Daniel Magariel discusses his new book, One of the Boys.
Praise for One of the Boys
"Brilliant, urgent, darkly funny, heartbreaking—a tour de force with startling new things to say about class, masculinity, addiction, and family. Daniel Magariel is an exciting new presence in American writing." (George Saunders, author of Tenth of December and Lincoln in the Bardo)
"Precise and coiled and urgent. Magariel is able--as few writers can--to say so much in so little. A propulsive and intense debut." (Hanya Yanagihara, author of A Little Life)
“With a charismatic, macho, drug-addicted dad, the young narrator pays an awful price to be One of the Boys in the riveting debut novel by Daniel Magariel. Move over Great Santini, this patriarch is rendered with such artful love, you'll be haunted by his presence long after you close this graceful and heartbreaking book.” (Mary Karr, author of Lit and The Liar's Club)
About One of the Boys
The three of them—a twelve-year-old boy, his older brother, their father—have won the war: the father’s term for his bitter divorce and custody battle. They leave their Kansas home and drive through the night to Albuquerque, eager to begin again, united by the thrilling possibility of carving out a new life together. The boys go to school, join basketball teams, make friends. Meanwhile their father works from home, smoking cheap cigars to hide another smell. But soon the little missteps—the dead-eyed absentmindedness, the late night noises, the comings and goings of increasingly odd characters—become worrisome, and the boys find themselves watching their father change, grow erratic, then dangerous.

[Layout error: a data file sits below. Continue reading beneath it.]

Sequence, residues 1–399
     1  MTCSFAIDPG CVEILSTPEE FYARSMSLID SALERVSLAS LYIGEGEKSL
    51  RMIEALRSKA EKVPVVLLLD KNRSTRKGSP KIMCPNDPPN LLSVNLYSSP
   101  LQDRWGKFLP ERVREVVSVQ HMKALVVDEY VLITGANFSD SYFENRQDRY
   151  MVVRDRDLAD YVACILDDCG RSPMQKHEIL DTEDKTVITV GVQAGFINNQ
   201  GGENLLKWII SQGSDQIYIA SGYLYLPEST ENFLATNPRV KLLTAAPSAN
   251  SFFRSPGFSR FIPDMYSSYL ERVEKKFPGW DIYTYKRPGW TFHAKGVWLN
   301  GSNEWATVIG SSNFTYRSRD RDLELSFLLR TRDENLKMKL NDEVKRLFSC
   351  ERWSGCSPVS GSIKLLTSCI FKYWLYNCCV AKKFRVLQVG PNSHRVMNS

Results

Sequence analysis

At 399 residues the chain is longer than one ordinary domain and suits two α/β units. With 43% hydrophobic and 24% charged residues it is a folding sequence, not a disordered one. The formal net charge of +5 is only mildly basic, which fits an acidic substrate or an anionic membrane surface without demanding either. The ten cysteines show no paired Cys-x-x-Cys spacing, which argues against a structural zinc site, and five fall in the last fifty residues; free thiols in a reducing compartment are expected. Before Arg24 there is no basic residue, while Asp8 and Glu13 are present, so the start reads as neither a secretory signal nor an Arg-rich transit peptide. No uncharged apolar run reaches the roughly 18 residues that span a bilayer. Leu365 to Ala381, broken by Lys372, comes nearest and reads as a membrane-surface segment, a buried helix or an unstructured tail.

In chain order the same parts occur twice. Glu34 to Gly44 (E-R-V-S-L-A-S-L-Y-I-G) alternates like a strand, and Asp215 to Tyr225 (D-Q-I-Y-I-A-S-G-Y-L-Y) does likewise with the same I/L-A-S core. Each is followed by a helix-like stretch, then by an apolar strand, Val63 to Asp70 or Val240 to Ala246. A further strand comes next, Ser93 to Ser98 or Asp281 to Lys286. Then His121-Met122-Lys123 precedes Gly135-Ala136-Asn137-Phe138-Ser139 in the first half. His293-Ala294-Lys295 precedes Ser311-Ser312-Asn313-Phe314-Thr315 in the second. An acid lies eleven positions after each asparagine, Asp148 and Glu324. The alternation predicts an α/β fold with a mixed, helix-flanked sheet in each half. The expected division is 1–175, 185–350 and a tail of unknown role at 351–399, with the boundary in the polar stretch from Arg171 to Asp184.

Set in the sublimely stark landscape of suburban New Mexico and a cramped apartment shut tight to the world, One of the Boys conveys with propulsive prose and extraordinary compassion a young boy’s struggle to hold onto the pieces of his shattered family. Tender, moving and beautiful, Daniel Magariel’s masterful debut is a story of resilience and survival: two foxhole-weary brothers banding together to protect each other from the father they once trusted, but no longer recognize. With the emotional core of A Little Life and the speed of We the Animals, One of the Boys is among the most remarkable debut novels you’ll ever read.